Applies to:Lync Server 2010, Lync Server 2013, Skype for Business Server 2015
-InputObject

Enables you to start a service using an object reference rather than a service name. For example, if you use the Get-CsWindowsService cmdlet to return information about a service, and if you store the returned object in a variable named $x, you can then start the service using this command:

$x = Get-CsWindowsService -Name "RTCCPS"

Start-CsWindowsService -InputObject $x.Name

Type:NTService
Position:Named
Default value:None
Accept pipeline input:True (ByValue)
Accept wildcard characters:False
Applies to:Lync Server 2010, Lync Server 2013, Skype for Business Server 2015
-Name

Name of the Skype for Business Server service you want to start. Note that you must use the service name (for example, RTCCAA) and not the service display name. You can only pass a single service name to the Name parameter, and you cannot use wildcards in the service name. Service names can be retrieved using the Get-CsWindowsService cmdlet.

Keep in mind that the Start-CsWindowsService cmdlet can only start Skype for Business Server services; you cannot use this cmdlet to start other Windows services. For those services, you might be able to use the Windows PowerShell Start-Service cmdlet.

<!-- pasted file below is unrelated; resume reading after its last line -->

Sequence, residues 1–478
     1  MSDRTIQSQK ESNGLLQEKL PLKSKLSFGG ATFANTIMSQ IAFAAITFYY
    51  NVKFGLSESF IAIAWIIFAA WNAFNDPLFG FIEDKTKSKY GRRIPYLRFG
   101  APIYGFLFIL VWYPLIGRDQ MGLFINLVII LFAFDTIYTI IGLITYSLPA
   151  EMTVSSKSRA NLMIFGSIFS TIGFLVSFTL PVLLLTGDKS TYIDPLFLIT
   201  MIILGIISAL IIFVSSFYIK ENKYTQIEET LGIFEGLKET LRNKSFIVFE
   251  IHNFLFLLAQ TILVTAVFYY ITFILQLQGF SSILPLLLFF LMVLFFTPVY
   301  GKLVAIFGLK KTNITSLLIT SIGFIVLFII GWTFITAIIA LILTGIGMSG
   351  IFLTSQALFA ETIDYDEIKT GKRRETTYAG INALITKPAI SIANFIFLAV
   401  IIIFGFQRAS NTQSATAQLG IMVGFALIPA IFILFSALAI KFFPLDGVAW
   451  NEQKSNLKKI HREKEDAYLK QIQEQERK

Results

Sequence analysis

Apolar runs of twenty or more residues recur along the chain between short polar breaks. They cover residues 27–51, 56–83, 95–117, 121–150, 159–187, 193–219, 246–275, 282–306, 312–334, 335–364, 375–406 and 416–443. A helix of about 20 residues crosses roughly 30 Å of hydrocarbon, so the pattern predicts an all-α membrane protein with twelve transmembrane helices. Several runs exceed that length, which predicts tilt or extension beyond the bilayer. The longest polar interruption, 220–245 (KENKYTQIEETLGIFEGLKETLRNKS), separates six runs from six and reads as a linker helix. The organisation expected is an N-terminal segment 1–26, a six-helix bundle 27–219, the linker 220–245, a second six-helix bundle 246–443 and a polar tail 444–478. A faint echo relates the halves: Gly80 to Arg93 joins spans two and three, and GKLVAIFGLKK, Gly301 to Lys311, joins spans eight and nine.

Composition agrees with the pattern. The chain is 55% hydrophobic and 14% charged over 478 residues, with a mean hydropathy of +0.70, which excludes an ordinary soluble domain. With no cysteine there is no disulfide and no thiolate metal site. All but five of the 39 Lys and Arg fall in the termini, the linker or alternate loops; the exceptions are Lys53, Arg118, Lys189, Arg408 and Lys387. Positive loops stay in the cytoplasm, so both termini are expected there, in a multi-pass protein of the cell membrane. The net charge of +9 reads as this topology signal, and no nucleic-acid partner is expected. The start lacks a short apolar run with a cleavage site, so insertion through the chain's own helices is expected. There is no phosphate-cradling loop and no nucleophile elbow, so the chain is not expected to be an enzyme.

Type:String
Position:2
Default value:None
Accept pipeline input:False
Accept wildcard characters:False
Applies to:Lync Server 2010, Lync Server 2013, Skype for Business Server 2015
-NoWait

When present, causes the command to run and then immediately return control to the Windows PowerShell prompt. If not present, control will not be returned until the command has completed and a status report has been written to the screen.

Type:SwitchParameter
Position:Named
Default value:None
Accept pipeline input:False
Accept wildcard characters:False
Applies to:Lync Server 2010, Lync Server 2013, Skype for Business Server 2015
-Report

Path to an HTML file where error information can be stored. If this parameter is included, any errors that occur during the running of this cmdlet will be logged to the specified file (for example, C:\Logs\Service_report.html).

Type:String
Position:Named
Default value:None
Accept pipeline input:False
Accept wildcard characters:False
Applies to:Lync Server 2010, Lync Server 2013, Skype for Business Server 2015
-WhatIf

Describes what would happen if you executed the command without actually executing the command.

Type:SwitchParameter
Aliases:wi
Position:Named
Default value:None
Accept pipeline input:False
Accept wildcard characters:False
Applies to:Lync Server 2010, Lync Server 2013, Skype for Business Server 2015

Inputs

Microsoft.Rtc.Management.Deployment.Core.NTService object. The Start-CsWindowsService cmdlet accepts pipelined instances of the Windows service object.

Outputs

None. Instead, the Start-CsWindowsService cmdlet starts instances of the Microsoft.Rtc.Management.Deployment.Core.NTService object.